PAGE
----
1. Welcome to Baptist Board, a friendly forum to discuss the Baptist Faith in a friendly surrounding.

    Your voice is missing! You will need to register to get access to all the features that our community has to offer.

    We hope to see you as a part of our community soon and God Bless!

Covington Pro's & Con's (Again)

Discussion in 'Baptist Colleges & Seminaries' started by PastorRFBC, Jan 12, 2008.

  1. PastorRFBC

    PastorRFBC New Member

    Jan 12, 2008
    Likes Received:
    I know this subject has been talked to death, but I felt compelled to write as one who has attended and is currently teaching at Covington.

    Why did I go to Covington? The reason is simple; at the time I was working full time on a secular job, was a full time pastor, and a full time husband and father. While I didn’t need a degree to pastor my church, I did need practical and theological knowledge. Thankfully Covington had a satellite school in my area and I got the benefit of sitting in a classroom and being taught by other pastors. Many of these pastors were men who hold degrees from places like, Southeastern Seminary; New Orleans Seminary; and Southwestern Baptist Theological Seminary, just to name a few. I know this because the qualifications of each professor is listed with the subject they are teaching. Even those without prestigious degrees have so much to offer a young pastor. These wonderful men of God give of their time freely so the cost will be within reach of any student. Ten years later I’m now teaching at Covington. I don’t have one of the prestigious degrees, but I do have twelve years experience as a pastor and a lot of time put in learning from those who were my Paul to this young Timothy. If you could attend one of these classes and see the Sunday school teachers, deacons and yes, even pastors who have worked all day and yet enthusiastically attend these courses, you might see it in a different light. Recently in one of these classes I watched an old pastor weep because he discovered that for years he had been preaching and teaching without any regard to the proper exegesis of Scripture. Many of our small southern churches have pastors who have never been to any type of Bible school. For generations their church has believed that a pastor only needs a calling from God and a heart for his people. While that is paramount, these pastors are now realizing that they need a better understanding of God’s Word and Covington is simply the best they can do. I do agree that if you can afford to and have the time to you should attend one of the more prestigious schools. But what about those who have families and are having to work a secular job while they pastor a church in an old warehouse? Is it better for them to just forgo any teaching than attend places like Covington? And while they could possibly take a correspondence course, and many do, there is nothing that can compare with classroom experience. I thank God for all those who teach and give of themselves that others might learn to share the good news of Jesus Christ more effectively.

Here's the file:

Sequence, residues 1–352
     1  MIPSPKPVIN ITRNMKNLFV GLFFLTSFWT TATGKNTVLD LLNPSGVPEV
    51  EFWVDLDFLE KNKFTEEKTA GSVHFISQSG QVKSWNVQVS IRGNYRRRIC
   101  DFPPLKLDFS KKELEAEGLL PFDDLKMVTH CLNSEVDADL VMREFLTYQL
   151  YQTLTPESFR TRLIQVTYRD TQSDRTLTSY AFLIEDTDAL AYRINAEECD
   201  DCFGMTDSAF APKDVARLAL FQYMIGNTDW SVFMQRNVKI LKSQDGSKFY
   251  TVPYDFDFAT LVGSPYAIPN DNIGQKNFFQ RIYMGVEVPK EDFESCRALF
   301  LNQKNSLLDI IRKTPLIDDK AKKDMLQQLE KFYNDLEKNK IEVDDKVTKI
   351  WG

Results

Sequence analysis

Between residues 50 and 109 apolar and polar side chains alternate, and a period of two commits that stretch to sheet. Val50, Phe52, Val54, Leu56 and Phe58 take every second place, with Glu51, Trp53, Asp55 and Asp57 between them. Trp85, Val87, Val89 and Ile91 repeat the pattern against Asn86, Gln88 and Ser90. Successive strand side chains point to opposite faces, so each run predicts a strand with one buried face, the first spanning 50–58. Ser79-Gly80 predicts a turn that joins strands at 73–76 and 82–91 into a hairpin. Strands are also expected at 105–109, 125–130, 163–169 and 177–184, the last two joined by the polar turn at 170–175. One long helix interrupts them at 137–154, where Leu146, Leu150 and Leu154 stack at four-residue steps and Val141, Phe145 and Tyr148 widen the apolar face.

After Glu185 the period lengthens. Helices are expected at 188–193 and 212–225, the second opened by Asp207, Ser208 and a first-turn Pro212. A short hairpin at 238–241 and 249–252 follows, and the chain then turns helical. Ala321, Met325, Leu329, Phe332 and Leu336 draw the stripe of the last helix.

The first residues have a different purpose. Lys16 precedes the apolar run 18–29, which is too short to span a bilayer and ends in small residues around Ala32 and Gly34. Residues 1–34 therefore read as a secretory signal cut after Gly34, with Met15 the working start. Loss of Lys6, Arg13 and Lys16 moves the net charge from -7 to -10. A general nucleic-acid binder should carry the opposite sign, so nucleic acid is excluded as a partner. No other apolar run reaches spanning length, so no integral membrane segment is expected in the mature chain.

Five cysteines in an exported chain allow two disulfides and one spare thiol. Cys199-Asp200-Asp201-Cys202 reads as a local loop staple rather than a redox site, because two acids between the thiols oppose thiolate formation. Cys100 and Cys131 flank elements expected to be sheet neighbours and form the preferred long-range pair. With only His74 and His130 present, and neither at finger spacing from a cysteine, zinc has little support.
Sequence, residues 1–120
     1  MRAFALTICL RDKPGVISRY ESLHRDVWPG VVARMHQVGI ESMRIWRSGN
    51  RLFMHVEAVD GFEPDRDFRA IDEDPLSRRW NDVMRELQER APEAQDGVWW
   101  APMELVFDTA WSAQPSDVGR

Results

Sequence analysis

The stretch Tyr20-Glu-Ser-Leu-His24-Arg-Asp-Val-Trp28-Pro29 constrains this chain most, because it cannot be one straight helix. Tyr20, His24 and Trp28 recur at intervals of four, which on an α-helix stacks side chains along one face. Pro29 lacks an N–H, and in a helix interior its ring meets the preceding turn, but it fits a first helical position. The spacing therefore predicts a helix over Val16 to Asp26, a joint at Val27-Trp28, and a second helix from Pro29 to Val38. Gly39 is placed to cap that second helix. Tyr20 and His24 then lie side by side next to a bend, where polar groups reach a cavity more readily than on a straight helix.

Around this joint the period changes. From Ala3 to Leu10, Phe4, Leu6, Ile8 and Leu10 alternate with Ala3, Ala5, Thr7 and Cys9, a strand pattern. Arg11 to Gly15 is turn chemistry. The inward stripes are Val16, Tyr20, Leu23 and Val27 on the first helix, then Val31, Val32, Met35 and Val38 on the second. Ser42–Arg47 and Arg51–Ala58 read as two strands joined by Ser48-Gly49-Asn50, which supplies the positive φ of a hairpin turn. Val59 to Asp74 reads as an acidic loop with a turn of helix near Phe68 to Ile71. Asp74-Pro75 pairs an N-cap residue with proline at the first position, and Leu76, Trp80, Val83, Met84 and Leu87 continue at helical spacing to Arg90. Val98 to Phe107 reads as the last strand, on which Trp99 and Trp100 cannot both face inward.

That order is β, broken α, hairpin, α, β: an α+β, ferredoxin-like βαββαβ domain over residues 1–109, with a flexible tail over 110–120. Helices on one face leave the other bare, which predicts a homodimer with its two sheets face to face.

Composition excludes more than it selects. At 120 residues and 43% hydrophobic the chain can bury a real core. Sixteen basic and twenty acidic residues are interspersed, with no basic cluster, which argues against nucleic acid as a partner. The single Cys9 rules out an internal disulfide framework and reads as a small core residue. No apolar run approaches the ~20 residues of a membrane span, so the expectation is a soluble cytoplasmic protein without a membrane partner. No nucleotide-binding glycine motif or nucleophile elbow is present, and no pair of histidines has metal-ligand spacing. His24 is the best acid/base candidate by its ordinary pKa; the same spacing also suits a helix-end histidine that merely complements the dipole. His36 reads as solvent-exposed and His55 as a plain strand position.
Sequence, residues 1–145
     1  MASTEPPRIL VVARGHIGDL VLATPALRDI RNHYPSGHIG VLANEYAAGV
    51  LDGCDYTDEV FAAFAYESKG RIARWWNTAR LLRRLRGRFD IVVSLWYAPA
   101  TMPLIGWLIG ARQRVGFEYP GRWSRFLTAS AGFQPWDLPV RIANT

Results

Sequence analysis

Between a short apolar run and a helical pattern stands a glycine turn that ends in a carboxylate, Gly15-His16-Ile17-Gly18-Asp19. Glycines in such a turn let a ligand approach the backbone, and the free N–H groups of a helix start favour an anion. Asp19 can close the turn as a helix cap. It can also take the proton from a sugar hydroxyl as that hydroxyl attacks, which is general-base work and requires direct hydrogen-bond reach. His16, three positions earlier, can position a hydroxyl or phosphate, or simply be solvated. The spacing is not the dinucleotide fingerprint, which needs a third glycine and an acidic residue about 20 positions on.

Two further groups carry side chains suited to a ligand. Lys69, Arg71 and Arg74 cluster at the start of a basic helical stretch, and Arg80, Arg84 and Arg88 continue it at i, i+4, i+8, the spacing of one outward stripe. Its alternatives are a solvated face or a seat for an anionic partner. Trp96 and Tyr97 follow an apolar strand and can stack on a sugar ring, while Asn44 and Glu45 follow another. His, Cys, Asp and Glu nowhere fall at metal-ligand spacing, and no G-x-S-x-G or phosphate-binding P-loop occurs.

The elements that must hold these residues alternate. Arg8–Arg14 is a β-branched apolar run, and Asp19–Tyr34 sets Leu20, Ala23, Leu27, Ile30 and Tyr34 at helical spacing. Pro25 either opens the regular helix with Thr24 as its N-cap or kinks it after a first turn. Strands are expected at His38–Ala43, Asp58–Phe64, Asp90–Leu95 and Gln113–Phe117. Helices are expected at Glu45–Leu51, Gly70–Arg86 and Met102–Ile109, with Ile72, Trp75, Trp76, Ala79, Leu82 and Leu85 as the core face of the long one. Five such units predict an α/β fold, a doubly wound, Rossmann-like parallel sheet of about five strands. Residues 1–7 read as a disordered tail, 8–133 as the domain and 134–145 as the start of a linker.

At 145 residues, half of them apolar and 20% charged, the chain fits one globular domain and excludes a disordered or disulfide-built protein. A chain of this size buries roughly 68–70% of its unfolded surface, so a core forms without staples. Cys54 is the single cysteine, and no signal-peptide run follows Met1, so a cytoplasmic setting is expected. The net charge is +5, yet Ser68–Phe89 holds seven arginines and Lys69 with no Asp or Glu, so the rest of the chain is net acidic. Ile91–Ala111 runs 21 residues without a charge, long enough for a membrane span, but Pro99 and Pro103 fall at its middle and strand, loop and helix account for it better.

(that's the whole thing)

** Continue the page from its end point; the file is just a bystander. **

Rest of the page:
2. Rhetorician

    Rhetorician Active Member
    Site Supporter

    Feb 1, 2005
    Likes Received:
    Pastor RFBC Response

    Pastor RFBC,

    I want to thank you for bearing your soul to us on the BB. I really do feel your ethos and pathos. I know on some level how you feel and say a hearty "AMEN" to most that you have affirmed.

    "I have somewhat to say unto thee" however.

    I left a job, a very lucrative job, at the age of 30; with a 3 year old child, a 6 month pregnant wife, with only $1800 in my pocket, with no job, and no prospects to attend Mid America in January of 1982. I know that that is not God's will and plan for all. But, I get a bit put out when I hear men (this is not aimed at you personally) say they cannot make the break to go to school. It can be done "'causing I done it!!" So when this type of logic is used, people like myself, UZ ThD, Broadus and others hear such--we really don't get it. So, please have us excused from this particular discussion.